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Posts Tagged ‘Budget’

America’s politics are more and more resembling those of the Soviet Union, where very little is at stake, 90% of the issues are off the table and decided by committees of connected elites, and the  theater of politics, including elections, are there mostly to cover up the reality. 

Last week we observed vitriolic denunciations and counter-denunciations of Republicans and Democrats in the run-up to the budget funding bill, but in the end only $60B (and possibly less) was ultimately cut.  These cuts only affected the small sliver of discretionary spending.  This is chump change when we have a $1T yearly deficit and tens of trillions(!) of unfunded liabilities in the decades ahead.

Obama this week in a highly partisan speech denounced the Republican proposals, in particular those of the fairly serious Paul Ryan, as mean-spirited and violative of the American “social compact.”  His liberal supporters swooned at his passionate defense of the welfare state, but in doing so he and they as well remind us that they are not serious people and are not taking seriously the unfunded liabilities that cannot be sustained in the decades ahead.  Something must give. 

Republicans may not be terribly serious or courageous on average, but a few of them are very serious and are saying what needs to be said about the budget problems.  Of course, sacred cows like our bloated defense budget, bailouts for banks, various forms of corporate welfare such as farm subsidies, and much else should be on the table.  But at least the topic of our fiscal problems is on the table among Republicans and not dealt with through magical thinking, as in the mind of Obama.  Much of the credit belongs to the Tea Party, the amorphous collection of grass roots conservative activists who were not terribly impressed with W’s spending spree and were jolted into action by Obama Care.  This movement, while containing many unserious people, has at its core a very serious point:  we are spending ourselves into oblivion and must get a handle on it or our country will destroy itself.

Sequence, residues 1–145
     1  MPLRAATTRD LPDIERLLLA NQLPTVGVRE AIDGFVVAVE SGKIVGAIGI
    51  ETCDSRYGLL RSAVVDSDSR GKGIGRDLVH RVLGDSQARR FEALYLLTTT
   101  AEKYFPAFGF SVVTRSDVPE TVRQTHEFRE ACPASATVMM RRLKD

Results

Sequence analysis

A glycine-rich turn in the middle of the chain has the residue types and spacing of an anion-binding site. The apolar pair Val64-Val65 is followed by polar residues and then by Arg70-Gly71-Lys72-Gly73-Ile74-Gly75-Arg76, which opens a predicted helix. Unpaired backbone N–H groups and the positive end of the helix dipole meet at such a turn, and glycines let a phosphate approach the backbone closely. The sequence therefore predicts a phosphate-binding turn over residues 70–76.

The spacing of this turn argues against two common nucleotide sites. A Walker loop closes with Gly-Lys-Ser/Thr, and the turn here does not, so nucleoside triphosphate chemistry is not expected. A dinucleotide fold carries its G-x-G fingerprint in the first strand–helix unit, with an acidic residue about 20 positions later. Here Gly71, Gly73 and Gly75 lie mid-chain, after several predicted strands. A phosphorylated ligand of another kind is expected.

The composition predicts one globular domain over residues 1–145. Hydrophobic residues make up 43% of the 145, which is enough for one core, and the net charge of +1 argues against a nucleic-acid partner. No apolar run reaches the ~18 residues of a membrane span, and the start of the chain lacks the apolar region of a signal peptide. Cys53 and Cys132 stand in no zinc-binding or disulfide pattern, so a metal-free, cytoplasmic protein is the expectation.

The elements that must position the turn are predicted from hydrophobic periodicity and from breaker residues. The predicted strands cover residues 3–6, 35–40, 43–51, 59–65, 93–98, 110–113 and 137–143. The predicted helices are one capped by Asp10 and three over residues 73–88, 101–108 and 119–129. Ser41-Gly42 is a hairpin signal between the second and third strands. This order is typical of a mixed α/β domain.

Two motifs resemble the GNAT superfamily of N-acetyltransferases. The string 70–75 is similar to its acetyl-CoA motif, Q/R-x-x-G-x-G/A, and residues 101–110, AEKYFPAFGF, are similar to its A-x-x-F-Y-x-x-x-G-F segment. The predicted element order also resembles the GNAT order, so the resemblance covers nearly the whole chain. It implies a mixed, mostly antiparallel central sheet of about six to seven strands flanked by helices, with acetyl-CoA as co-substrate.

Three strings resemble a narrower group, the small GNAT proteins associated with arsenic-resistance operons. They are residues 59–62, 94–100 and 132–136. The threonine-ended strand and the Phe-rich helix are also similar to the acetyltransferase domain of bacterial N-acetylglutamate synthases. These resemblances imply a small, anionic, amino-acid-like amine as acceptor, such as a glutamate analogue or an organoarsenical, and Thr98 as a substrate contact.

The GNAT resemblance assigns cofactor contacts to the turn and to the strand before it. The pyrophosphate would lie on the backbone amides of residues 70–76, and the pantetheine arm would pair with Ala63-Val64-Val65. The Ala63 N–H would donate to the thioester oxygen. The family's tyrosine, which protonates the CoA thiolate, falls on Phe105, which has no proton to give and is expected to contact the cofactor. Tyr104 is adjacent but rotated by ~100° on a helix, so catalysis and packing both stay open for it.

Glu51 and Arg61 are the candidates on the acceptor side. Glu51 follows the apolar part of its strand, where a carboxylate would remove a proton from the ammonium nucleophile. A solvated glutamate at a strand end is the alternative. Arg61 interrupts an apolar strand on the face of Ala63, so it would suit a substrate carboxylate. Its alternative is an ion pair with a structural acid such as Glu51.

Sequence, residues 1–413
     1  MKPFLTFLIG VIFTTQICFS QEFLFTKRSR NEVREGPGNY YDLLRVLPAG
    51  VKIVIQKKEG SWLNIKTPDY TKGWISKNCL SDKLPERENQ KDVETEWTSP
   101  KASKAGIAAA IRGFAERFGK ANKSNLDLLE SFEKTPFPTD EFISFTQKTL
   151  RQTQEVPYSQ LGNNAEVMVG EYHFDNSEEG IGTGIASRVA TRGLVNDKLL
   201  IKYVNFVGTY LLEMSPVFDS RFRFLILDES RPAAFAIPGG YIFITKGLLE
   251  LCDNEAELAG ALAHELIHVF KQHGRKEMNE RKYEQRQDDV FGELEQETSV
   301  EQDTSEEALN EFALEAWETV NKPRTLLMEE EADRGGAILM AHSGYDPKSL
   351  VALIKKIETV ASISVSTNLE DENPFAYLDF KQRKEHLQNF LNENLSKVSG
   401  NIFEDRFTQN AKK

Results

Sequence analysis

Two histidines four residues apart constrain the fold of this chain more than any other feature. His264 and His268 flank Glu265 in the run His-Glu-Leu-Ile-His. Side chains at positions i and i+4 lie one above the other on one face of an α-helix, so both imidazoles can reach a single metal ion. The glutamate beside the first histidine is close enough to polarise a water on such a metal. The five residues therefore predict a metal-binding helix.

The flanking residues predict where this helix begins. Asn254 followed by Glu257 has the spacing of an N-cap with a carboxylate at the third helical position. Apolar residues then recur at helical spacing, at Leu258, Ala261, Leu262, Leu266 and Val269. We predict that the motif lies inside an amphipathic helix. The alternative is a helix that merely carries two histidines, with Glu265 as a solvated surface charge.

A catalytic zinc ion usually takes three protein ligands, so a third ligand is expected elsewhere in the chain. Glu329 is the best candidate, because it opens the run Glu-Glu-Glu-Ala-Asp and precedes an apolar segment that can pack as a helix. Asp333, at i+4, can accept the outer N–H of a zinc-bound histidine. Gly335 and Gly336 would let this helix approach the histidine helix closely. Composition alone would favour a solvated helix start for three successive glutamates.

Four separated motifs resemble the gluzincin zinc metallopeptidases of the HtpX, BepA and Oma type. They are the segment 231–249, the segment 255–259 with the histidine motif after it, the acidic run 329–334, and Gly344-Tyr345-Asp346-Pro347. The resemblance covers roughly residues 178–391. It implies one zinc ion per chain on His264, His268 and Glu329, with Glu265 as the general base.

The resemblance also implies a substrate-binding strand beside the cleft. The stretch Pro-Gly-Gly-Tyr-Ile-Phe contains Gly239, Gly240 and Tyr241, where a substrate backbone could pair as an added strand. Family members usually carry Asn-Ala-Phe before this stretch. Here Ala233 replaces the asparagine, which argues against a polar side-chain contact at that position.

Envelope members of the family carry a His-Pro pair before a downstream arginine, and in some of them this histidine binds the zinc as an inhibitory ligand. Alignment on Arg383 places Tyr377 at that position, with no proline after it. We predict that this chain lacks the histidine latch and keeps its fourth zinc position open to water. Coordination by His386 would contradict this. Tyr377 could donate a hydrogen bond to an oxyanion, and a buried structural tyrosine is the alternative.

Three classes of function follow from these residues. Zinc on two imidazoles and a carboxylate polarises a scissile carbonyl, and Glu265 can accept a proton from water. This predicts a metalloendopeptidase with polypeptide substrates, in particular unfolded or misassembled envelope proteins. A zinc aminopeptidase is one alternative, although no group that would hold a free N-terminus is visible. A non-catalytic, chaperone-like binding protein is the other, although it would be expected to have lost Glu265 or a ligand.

Obama is no leader.  I believe he knows the fiscal crisis to be a reality, but he also knows that it would be very costly politically to do something about it.  He has been willing to expend this capital to grow the welfare state into a permanent institution that makes everyone a welfare case through Obamacare, but he has not done what is necessary to preserve (or sensibly reduce) the commitments already made in the form of Medicare, Social Security, and much else.  This reveals him as what I always thought he was:  a coward, a mouthpiece for conventional Democratic Party talking points, and someone indifferent about America’s strength and prosperity.

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Debt Delusion

The recent budget fight is simply a precursor of what must be done.  Both sides are still playing small ball, messing with discretionary spending, when the huge entitlement bomb is going to cause our demise.  While Democratis cry about “cruel” budgets, our debt will go up more this week (about $50B) than the $38B or so that Congress was able to agree to cut.  We’re using bandaids and aspirin when wholesale amputation and emergency surgery is required.  Columnist Robert Samuelson put the matter well in his column today: